VPJ: “At the risk of being used as a pull quote for the blu-ray release, ‘Bronson’ is like a cinematic head butt. The story of a real-life, lifelong British prisoner (who renamed himself after movie tough guy Charles Bronson), this is a biopic unlike any other. Oh wait, I lied – it’s very much like the Australian film ‘Chopper’ (starring an unrecognizably-gross Eric Bana), which also presents a brutal, controversial portrait of a real, living career criminal whose hairtrigger violence is matched only by his undeniable charisma. And like ‘Chopper,’ ‘Bronson’ can boast a career-making performance from its lead, in this case Brit journeyman Tom Hardy who is absolutely mesmerizing and terrifying. Weirdly enough, he, like Bana also played a villain in a ‘Star Trek’ movie, which may mean he’ll be starring in a drippy romantic chick flick I’ll never see in the near future…”

JE: “I admire his passion for the movie greats. Personally I would have changed my name to Lee Marvin, who, the record shows, was also a undeniable wrecking machine in his films. You’ve got to be in the right mindset to sit down with this one, a mindset that lies somewhere between watching an early Darren Arnofsky film and major dental surgery. Which is all to say, not very pleasant company. Movies like this and ‘Chopper’ aren’t about a lesson or some telling fact about humanity’s true nature. No. They are, as you so aptly put it, ‘a cinematic head butt.’ Brutal, unexpected and never easy to recover from. My best to Tom Hardy, but maybe we should do him a favor and not mention his turn as a Star Trek villain in a movie that put the franchise on ice. And, for his sake, no romantic films. We’ve seen what it’s done to Bana and Gerald Butler. Keep head buttin’ kid.”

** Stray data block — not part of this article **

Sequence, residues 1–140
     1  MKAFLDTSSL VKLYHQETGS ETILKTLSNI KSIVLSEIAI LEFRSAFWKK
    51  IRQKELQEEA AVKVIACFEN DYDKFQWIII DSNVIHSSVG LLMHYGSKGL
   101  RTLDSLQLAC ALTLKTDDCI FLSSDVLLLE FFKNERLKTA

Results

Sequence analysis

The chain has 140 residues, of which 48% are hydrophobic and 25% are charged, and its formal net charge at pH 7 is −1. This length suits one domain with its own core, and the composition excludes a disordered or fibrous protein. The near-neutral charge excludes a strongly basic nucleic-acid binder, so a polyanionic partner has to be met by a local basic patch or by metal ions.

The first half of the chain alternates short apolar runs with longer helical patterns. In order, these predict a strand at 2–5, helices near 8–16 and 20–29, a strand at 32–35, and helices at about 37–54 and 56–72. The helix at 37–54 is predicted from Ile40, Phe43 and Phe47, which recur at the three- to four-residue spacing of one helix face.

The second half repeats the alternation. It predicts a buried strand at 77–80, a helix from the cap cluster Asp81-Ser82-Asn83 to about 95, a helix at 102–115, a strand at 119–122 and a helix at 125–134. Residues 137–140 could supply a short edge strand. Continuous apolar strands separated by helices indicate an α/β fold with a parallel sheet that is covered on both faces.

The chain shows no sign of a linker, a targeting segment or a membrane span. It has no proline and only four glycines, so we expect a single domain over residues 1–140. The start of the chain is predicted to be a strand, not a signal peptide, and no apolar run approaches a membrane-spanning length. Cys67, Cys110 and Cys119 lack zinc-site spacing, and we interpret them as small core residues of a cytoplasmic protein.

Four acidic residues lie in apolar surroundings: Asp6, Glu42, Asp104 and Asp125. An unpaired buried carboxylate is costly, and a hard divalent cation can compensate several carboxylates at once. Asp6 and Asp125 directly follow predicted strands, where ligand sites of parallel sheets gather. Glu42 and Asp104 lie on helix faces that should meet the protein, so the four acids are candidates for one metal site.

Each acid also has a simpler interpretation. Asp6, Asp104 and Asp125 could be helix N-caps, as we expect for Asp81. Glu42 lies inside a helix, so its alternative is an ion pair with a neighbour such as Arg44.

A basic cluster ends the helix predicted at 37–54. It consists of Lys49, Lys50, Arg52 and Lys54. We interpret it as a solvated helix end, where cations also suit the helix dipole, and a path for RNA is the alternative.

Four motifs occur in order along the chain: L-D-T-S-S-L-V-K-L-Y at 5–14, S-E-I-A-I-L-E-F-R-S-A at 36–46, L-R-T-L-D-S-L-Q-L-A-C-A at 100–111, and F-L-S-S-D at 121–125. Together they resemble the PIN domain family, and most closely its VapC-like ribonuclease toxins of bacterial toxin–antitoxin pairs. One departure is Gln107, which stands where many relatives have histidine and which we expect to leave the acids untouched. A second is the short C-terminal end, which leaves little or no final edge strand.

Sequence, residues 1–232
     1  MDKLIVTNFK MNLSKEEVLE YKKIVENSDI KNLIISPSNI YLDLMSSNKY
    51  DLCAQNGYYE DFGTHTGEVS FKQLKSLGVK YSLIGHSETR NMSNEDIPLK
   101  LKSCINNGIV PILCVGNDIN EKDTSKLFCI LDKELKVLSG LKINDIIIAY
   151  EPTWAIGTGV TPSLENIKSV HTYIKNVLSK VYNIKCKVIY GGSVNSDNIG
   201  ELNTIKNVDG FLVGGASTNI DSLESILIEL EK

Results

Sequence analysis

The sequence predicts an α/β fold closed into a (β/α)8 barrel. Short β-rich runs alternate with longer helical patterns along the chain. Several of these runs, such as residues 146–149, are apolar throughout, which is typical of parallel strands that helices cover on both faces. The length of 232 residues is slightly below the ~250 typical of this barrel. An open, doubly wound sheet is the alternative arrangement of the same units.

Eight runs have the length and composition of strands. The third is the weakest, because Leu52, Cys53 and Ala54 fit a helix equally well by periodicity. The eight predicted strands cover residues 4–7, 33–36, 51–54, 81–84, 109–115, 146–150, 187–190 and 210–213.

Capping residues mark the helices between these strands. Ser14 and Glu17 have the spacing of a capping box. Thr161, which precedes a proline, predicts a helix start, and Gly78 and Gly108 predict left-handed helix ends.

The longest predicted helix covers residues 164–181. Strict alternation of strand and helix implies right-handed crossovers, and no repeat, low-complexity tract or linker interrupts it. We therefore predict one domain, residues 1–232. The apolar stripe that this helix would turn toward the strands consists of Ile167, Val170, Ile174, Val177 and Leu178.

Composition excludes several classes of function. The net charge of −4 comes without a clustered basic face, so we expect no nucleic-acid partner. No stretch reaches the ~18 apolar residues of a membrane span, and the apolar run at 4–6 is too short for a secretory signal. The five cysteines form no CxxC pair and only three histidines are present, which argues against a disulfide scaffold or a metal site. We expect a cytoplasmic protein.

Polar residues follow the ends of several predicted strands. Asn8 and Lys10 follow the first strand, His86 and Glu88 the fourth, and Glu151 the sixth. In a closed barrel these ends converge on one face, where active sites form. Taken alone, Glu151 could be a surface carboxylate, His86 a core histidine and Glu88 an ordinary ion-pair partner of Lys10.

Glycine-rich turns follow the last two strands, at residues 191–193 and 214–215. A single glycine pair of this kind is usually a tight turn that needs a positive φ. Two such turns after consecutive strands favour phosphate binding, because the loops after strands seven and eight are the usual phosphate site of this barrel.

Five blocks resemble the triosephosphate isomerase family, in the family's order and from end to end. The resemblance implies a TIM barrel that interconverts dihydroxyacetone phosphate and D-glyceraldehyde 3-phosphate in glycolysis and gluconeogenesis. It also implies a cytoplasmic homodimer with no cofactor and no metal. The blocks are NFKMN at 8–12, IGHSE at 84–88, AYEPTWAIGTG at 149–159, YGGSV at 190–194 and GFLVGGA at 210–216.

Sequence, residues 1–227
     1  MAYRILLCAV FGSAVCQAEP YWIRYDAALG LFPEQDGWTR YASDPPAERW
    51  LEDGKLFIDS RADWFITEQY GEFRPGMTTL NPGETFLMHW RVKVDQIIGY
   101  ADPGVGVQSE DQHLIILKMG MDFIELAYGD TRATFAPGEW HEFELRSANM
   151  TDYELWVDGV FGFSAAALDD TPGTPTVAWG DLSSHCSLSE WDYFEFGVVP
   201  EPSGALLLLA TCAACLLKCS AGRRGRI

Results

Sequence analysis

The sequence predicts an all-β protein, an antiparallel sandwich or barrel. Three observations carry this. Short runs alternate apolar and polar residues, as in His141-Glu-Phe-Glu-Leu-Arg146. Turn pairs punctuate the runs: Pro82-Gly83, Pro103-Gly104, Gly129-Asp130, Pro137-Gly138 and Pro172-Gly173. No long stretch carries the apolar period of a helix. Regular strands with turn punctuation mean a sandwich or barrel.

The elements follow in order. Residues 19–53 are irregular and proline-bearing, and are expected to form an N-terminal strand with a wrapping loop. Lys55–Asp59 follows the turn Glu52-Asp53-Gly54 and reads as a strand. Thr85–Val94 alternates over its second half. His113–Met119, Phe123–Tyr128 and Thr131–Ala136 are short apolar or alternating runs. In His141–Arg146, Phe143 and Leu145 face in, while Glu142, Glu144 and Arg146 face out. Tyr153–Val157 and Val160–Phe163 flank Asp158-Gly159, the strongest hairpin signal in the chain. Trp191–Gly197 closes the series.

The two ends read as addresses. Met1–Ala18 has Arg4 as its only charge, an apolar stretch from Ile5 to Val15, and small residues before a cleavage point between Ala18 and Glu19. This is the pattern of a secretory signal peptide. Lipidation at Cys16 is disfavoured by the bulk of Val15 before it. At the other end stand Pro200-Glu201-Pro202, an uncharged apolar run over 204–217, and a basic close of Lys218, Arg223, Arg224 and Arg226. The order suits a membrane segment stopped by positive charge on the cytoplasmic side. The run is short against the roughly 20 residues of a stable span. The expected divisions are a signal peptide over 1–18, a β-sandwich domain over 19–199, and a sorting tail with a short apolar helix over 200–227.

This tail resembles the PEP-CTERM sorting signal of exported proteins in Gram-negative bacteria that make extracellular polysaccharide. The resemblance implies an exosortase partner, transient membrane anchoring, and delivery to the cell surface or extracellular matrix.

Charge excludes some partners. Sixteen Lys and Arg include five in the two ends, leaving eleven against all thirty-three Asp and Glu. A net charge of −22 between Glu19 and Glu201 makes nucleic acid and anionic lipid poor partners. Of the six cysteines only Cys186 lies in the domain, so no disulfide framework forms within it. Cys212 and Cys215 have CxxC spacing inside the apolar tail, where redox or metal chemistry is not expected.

Couples Retreat